A craniotomy is a surgical procedure through which the surgeon removes a part of the bone from the skull to access the brain. The surgeon then uses specialised tools to remove the bone flap temporarily and treat the medical condition. Once the condition is treated, the surgeon places the bone flap back to cover the exposed brain.

A craniotomy might be performed to treat a brain tumour, a blood clot in the brain, an aneurysm, a traumatic head injury, swelling in the brain tissue, infection or a foreign object. A craniotomy can be small or large depending on the underlying issue. They also vary in complexity. Small craniotomies are known as burr holes; whereas larger craniotomies are known as keyhole surgeries.

A craniotomy is generally performed with the assistance of stereotactic frames, image-guiders such as MRI, ultrasound, CT scan, etc. Moreover, endoscopes can also be used for assistance.

Typically, burr and keyhole craniotomies are performed to:

Place a shunt into Craniotomy

  • the brain ventricle to flush out the excess cerebrospinal fluid
  • Place a deep brain stimulator
  • Collect a sample tissue for biopsy
  • Guide an endoscope to treat larger issues such as tumour removal
  • Drain a clot in the brain
  • Place an intracranial pressure monitor

That said, complicated skull-based craniotomies, include removing the bone supporting the bottom of the brain.

Types of craniotomy

Some of the common types of craniotomies include:

  • Extended bifrontal procedure
  • Minimally invasive supra-orbital craniotomy
  • Keyhole craniotomy
  • Orbitozygomatic Craniotomy
  • Translabyrinthine Craniotomy

Reasons for craniotomy

A craniotomy can be performed for multiple reasons. Some of the most common purposes of a craniotomy include:

  • Identifying, removing or treating tumours of the brain
  • Repairing an aneurysm
  • Eliminating blood clots or blood from a leaking blood vessel
  • Treating skull fractures
  • Curing epilepsy
  • Draining out the brain abscess
  • Removing malformations and brain fistulas
  • Reducing the pressure in the brain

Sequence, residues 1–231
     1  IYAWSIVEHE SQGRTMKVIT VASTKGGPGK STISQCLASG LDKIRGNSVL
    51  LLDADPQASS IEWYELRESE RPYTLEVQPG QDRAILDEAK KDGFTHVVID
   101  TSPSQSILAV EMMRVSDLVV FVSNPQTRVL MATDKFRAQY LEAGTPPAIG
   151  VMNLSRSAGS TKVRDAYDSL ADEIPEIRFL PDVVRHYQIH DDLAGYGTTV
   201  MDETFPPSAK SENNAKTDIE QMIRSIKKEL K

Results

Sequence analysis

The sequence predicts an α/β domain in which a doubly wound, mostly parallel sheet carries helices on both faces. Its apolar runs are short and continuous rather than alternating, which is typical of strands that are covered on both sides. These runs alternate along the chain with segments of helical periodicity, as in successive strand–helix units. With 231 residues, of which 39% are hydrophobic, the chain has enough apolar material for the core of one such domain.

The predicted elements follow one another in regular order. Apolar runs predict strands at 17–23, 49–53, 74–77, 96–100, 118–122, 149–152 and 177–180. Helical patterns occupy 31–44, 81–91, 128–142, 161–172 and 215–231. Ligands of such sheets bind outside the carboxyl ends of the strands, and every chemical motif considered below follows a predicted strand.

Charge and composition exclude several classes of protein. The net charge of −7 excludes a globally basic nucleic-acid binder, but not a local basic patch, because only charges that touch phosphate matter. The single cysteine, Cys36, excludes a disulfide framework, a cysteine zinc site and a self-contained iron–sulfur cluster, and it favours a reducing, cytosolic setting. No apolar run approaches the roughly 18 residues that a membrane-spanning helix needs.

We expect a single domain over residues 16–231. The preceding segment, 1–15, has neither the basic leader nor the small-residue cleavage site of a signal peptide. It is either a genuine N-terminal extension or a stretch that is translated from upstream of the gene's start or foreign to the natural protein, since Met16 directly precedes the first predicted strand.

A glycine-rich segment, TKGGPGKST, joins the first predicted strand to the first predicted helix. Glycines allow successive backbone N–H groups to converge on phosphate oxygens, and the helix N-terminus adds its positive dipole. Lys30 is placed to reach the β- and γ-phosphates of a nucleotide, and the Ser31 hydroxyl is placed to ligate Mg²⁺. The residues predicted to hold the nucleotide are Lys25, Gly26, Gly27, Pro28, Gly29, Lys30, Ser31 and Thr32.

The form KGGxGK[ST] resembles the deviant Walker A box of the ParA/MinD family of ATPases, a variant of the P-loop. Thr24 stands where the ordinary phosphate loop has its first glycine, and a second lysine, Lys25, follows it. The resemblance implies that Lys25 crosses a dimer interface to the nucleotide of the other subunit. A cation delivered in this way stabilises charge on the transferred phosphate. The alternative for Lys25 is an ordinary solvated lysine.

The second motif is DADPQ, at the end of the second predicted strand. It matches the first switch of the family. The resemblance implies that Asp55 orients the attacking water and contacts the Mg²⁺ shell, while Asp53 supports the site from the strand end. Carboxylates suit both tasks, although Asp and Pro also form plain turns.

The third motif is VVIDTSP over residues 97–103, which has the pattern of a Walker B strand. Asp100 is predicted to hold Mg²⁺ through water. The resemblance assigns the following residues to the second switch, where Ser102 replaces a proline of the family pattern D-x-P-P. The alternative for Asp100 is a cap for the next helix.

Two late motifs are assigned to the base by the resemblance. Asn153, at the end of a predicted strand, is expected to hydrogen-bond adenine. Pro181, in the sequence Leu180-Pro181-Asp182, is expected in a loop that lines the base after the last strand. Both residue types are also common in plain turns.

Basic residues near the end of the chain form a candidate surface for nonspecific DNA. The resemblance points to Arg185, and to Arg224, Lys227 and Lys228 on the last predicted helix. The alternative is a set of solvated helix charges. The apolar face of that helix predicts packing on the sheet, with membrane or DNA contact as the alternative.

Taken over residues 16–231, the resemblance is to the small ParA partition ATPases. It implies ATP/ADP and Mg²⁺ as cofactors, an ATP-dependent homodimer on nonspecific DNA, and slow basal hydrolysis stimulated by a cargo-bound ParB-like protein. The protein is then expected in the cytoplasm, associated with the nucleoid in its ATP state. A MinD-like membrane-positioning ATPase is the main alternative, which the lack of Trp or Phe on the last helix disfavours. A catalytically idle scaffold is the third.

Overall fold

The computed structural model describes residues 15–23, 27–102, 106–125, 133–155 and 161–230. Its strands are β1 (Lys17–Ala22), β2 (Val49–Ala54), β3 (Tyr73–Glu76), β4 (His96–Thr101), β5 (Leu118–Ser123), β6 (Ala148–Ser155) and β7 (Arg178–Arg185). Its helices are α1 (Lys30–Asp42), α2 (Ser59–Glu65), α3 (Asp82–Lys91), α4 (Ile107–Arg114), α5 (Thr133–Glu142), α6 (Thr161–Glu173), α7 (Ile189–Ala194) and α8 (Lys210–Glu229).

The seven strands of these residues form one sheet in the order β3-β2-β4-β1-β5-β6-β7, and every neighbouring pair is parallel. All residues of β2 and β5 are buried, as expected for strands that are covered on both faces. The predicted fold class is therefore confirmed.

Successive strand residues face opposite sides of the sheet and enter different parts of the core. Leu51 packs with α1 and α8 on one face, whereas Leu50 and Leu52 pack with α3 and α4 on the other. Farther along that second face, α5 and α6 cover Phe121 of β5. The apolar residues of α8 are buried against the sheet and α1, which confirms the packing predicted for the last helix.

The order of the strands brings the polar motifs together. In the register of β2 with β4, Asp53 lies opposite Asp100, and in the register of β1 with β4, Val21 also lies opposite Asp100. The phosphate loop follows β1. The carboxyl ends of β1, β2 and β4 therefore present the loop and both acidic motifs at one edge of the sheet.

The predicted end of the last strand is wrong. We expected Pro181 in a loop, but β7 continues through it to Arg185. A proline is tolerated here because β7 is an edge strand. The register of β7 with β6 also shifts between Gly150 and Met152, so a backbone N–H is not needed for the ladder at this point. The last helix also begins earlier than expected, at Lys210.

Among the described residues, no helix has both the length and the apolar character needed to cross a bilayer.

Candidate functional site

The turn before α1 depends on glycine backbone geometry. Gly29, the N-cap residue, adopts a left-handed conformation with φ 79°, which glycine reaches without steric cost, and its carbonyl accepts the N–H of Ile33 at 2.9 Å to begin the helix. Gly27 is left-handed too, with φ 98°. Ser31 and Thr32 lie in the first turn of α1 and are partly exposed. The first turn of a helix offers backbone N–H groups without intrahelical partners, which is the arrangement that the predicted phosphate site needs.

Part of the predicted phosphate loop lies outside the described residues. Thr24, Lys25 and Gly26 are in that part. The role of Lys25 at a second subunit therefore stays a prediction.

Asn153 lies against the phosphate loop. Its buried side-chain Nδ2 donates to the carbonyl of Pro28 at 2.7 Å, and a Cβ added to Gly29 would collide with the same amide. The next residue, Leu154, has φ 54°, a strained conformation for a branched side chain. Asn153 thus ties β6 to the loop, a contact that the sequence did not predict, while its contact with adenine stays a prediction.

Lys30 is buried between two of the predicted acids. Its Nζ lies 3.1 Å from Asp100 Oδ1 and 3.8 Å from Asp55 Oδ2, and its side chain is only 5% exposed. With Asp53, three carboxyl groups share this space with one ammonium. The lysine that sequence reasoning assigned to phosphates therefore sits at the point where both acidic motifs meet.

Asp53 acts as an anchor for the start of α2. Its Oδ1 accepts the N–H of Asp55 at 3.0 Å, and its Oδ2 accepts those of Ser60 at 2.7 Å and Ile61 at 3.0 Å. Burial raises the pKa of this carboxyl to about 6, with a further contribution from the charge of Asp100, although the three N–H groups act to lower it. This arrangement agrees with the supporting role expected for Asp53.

• Placing stimulator devices to cure movement issues such as dystonia, Parkinson’s disease and others

However, these are not the only reasons for a craniotomy. A doctor can also suggest a craniotomy for a specific medical case.

Risk of craniotomy

Typically, brain surgery is linked to a specific area in the brain, which will be treated. Thus, the risks and complications are associated with the area that is being treated. Such as, if there is an issue in the part of the brain that controls speech, the complications will be related to speech.

That said, some of the common risks associated with a craniotomy include:

  • Infection
  • Blood clots
  • Pneumonia
  • Bleeding
  • Fluctuating blood pressure
  • Seizures
  • Allergic reaction to anaesthesia
  • Swelling in the brain
  • Leakage of the cerebrospinal fluid
  • Weakness in the muscles

However, the below complications are more specific to a particular issue within the brain. These will apply only to individuals that have the same underlying problem.

  • Problem with memory
  • Difficulty in speech
  • An issue in balancing or coordination
  • Coma
  • Paralysis

The procedure of a craniotomy

Before the procedure, the doctor will ask the patient to sign the consent form and then will conduct a preoperative neurological exam to assess the condition after the craniotomy. The patient will be asked to not eat or drink anything starting the midnight of the procedure. Women who are pregnant or think they might be pregnant, are required to disclose the same to the doctor.

The patient should also disclose any allergies or ongoing medications, as well as health complications. Smokers would be required to quit smoking and also inform about any bleeding disorders. The patient will be given a sedative before the surgery and the place of treatment will be shaved.

During the craniotomy, an intravenous line (IV) line will be placed in the arm or the hand of the patient. After this, the surgeon will make an incision as per the specific issue to be treated. Some craniotomies will involve making an incision from behind the hairline in front of the ear, etc. For procedures that require an endoscope, the incision made will be small.

The surgeon will then pull the scalp up and clip it to control bleeding and access the brain. Then a medical drill will be used to make the required holes in the skull. Post this, the bone flap will be removed and placed aside. Then the thick covering of the brain is removed to access the target area. The surgeon uses microsurgical and special instruments to treat the issue. Once the treatment is done, the surgeon sutures the layers of the brain and places the bone flap back with plates, sutures or wires.